The Mahāyāna (ཐེག་པ་ཆེན་པོ་) tradition is a system of Buddhist ideas and practices which began to rise around the beginning of the Common Era and spread to many Buddhist countries across Far East Asia, South East Asia, Central Asia and the Himalayas. Mahāyāna, which literally translates to ‘great vehicle’ stands in contrast to the Theravada tradition of seeking liberation for oneself, today forms the dominant Buddhist tradition in Bhutan and the Himalayas, China, Japan, Korea, Mongolia, Taiwan and some parts of India and Russia.
Both traditional scholars and modern academics generally agree that Mahāyāna tradition did not start as a distinct sect or school but as a movement of new ideas and practices among people who were members of monastic and philosophical schools which already existed. The movement is said to have started about a century before the Common Era with the rise of Perfection of Wisdom Sūtras and reached its peak by the middle of the first millennium. However, traditional adherents of Mahāyāna argue that the Mahāyāna teachings were delivered by the historical Buddha but did not become popular in the human world as it was not the right time. The teachings are said to have been taken to other realms and later brought back when the time was ripe. A similar narrative is also used to explain the rise of the tantric Buddhist teachings, which developed as a tier of Mahāyāna Buddhism in the later half of the first millennium.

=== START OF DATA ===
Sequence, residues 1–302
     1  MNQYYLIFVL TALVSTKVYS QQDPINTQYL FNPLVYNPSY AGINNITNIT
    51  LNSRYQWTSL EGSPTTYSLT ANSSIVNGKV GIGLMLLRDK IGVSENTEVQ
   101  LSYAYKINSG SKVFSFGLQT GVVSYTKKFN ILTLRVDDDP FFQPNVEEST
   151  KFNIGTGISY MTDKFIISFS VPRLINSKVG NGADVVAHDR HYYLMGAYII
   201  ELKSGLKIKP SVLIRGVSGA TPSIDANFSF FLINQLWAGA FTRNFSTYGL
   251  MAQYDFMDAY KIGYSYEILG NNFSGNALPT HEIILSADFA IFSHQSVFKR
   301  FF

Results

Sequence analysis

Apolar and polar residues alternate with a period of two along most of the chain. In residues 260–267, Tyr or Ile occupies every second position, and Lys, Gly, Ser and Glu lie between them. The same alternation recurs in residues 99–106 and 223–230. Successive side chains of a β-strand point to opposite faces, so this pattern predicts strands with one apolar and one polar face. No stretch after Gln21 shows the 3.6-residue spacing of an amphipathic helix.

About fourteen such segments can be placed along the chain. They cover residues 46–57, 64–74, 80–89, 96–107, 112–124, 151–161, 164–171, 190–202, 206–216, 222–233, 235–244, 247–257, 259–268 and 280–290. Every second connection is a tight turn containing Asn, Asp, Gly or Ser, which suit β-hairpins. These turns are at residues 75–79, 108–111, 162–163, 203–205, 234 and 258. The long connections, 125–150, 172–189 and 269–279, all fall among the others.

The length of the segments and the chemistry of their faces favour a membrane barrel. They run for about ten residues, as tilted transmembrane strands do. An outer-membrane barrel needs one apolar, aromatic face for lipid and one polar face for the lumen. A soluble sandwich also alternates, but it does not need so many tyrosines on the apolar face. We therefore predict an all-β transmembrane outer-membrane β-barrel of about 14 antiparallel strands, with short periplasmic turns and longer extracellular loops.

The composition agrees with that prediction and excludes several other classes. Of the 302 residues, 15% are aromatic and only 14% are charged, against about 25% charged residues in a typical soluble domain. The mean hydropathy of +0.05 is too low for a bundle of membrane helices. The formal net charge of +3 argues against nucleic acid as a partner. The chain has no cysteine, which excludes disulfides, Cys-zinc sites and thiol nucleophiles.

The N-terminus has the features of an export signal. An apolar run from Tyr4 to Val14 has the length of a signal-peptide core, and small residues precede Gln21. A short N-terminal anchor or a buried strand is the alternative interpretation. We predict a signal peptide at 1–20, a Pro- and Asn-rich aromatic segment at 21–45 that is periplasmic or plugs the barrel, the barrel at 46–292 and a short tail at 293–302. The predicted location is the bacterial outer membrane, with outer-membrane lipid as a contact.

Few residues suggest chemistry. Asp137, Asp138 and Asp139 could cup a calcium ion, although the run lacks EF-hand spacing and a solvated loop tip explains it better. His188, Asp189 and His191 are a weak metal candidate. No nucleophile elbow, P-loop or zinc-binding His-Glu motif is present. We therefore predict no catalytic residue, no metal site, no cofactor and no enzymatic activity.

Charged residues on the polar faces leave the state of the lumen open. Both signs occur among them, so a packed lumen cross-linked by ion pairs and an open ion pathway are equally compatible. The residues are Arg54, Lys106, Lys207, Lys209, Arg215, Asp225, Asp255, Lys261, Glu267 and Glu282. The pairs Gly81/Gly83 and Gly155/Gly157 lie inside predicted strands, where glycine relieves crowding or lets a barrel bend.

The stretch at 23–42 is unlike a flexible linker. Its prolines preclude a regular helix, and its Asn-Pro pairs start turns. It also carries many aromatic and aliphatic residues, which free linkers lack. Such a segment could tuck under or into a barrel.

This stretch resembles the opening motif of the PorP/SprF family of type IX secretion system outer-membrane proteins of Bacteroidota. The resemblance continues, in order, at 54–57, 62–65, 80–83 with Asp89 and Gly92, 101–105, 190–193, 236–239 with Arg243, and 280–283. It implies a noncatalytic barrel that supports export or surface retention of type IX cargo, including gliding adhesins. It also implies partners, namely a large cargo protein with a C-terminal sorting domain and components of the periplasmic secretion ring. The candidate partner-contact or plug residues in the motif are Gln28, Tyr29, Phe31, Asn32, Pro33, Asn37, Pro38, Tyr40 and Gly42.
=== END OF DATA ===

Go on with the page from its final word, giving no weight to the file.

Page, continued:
The Mahāyāna movement, true to its claim as the great vehicle, distinguished itself from mainstream Buddhist thoughts and practices through a number of expansive theories and practices. It reinterpreted and reformulated the teachings of the Buddha by taking common Buddhist concepts and practices to a new depth and extent. Thus, one finds the profound view (ཟབ་མོ་ལྟ་བ་) and vast praxis (རྒྱ་ཆེན་སྤྱོད་པ་) traditions of Mahāyāna movement.